Introducing Tuesday’s Budget, Finance Minister Michael Noonan highlighted improvements in the economy over recent years.
Ireland is forecasted to be the strongest growing economy in the EU for 2014 and 2015, with 2015 growth exceeding 6%.
Unemployment, at 9.4%, is projected to fall to 6.25% by 2021.
Debt to GDP is projected to fall to 97% for 2015, to 93% of GDP by the end of 2016, and to 80% by 2021.
But our national debt is increasing, with a projected 2016 exchequer borrowing requirement at €1.7 billion.
The positive spin comes from improvement in the earning ability of our economy.
As our economy’s income creation increases, so does ability to repay our debts or — as the Minister has indicated — our debt as a percentage of earnings has decreased.
Before we clap ourselves on the back for increasing national borrowings for 2016, we should however note the 2015 interest cost for national debt is close to €7bn.
Although economic performance and tax receipts for 2015 are well ahead of target, the budget package stuck to the well flagged €1.5bn mark, remaining in line with the EU pact on stability and growth.
It is the largest single budget in five years, but the benefits in terms of tax cuts and additional services pale alongside the high cost of servicing our national debt.
Universal social charge rates have reduced at all income levels below €70,000.
For the first time, a new earned income credit of €550 is granted to the self- employed and company owner/directors who have previously not had access to the employee tax credit.
These two changes alone deliver substantial tax savings.
The home carer’s credit has increased from €810 to €1,000, with the earnings threshold for this credit also increasing, from €5,080 to €7,200.
This will be of particular benefit to many one-income married couples or civil partners, where one spouse cares for young children or an elderly relative.
For low earning employees, earnings less than €356 per week are not liable for PRSI, however once an employee earns more than €356 per week, the totality of their income becomes liable for tax at 4%.
Budget 2016 has brought in a PRSI credit to reduce this step effect, such that employees whose salaries rise by a small amount over €356 per week will not suffer unduly as a result of the application of PRSI on all their income.
The Budget announced an increase in minimum wages from €8.65 to €9.15 per hour.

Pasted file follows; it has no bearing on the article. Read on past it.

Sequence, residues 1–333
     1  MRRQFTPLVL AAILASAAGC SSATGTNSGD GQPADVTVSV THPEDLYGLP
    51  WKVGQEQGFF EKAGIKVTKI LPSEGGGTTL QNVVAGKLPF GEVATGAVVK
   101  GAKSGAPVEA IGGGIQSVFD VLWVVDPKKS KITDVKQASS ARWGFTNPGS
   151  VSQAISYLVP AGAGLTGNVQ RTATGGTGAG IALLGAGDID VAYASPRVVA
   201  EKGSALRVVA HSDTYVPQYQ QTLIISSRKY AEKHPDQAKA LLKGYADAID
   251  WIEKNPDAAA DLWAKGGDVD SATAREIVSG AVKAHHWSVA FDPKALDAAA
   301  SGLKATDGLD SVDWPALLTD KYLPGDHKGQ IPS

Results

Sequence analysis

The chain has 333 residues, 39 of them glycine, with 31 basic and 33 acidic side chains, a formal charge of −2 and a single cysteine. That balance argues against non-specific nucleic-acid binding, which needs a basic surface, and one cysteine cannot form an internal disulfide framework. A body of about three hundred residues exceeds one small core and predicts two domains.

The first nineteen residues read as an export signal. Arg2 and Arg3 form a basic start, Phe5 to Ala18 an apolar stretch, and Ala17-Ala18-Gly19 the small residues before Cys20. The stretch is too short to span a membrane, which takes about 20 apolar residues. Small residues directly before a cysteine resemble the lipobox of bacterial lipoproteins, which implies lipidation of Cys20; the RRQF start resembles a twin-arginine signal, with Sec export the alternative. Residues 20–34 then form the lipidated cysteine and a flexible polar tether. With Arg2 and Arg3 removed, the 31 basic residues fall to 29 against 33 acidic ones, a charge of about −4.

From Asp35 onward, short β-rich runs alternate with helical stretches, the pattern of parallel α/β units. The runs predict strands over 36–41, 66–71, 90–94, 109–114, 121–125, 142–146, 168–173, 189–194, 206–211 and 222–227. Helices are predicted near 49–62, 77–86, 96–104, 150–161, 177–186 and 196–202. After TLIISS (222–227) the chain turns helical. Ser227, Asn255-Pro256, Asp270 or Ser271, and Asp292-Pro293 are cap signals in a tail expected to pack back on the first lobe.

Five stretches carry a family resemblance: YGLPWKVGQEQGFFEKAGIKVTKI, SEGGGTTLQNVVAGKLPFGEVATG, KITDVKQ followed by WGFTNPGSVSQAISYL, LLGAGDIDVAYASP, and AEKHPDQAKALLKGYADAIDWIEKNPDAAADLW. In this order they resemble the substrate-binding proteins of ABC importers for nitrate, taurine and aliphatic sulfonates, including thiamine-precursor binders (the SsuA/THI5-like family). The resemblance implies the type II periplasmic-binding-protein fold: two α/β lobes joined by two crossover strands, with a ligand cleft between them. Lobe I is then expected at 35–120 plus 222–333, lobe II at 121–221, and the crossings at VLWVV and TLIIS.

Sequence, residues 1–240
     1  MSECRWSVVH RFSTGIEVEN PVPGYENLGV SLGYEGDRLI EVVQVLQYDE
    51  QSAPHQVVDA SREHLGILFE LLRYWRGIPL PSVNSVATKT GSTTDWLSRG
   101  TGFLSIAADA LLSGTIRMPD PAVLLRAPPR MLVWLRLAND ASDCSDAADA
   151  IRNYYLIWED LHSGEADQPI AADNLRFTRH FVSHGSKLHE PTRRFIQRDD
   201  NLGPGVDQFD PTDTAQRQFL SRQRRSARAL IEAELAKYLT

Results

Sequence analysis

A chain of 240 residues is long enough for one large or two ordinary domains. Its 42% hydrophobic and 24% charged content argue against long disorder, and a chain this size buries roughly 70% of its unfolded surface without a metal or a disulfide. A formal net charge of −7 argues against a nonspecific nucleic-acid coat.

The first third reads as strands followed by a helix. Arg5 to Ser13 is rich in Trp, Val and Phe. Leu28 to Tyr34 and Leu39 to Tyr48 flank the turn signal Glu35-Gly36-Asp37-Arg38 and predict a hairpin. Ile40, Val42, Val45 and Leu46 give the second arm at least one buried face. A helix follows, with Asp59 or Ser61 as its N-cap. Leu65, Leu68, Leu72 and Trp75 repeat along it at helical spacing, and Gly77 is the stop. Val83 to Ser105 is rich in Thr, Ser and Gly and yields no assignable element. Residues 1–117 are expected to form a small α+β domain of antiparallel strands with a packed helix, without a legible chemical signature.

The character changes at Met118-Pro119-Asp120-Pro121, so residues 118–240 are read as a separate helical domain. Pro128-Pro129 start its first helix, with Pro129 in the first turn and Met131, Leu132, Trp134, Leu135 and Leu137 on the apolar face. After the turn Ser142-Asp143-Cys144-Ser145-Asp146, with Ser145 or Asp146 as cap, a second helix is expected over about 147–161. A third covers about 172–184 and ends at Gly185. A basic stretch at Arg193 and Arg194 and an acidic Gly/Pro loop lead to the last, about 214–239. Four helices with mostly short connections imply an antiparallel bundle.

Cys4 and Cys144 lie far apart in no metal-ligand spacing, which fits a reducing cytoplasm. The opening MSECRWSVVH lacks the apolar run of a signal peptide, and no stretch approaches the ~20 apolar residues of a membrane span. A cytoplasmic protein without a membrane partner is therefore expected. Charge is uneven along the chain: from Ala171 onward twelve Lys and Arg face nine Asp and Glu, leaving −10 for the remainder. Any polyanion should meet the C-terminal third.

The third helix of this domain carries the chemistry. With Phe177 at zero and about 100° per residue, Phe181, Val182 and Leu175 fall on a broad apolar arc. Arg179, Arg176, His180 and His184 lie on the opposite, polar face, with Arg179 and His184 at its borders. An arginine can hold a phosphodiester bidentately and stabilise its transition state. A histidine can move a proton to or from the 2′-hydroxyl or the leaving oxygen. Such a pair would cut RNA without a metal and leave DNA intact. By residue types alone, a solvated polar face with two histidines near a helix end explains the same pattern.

This will increase the cost to some employers, however the threshold for the low rate of employers PRSI (8.5% rate) has been increased to €376 per week, from €356 per week, to mitigate against the higher rate of employers’ PRSI that would otherwise apply as a result of the minimum wage increase.
In gift and inheritance tax, the Group A tax-free threshold, which is predominantly applicable to transfers from parents to children (as well as certain transfers involving favourite nieces/nephews), has increased substantially, from €225,000 to €280,000.
From a farming perspective, it’s ironic that this relief is likely to be of most benefit to successors taking over small parcels, where agricultural relief or business relief would not otherwise be available.
Minister Noonan acknowledged the role of agriculture in supporting over 169,000 jobs across the length and breadth of the country, and generating 12% of our exports.
Tax relief granted via stock relief has in all cases been extended for a further three years.
The budget introduced a Succession Transfer Proposal which appears very much in line with the proposal by IFA of a structured phased partnership approach to family farm transfers.
Individuals may enter a partnership where a farm can be managed through the partnership, with a view to the ultimate transfer of the farm within ten years.
To incentivise such a scheme, an income tax credit worth up to €5,000 per annum will be allocated to the partnership and split according to the profit sharing ratio.
It’s likely to be well into 2016 before this comes on track, as it is s subject to EU approval.
For hauliers, there is great news, with an announcement of a substantial reduction in the road tax, from a current maximum of €5,195 to a maximum of €900.
This should be of help to our agricultural industry, which is heavily reliant on the transport sector.
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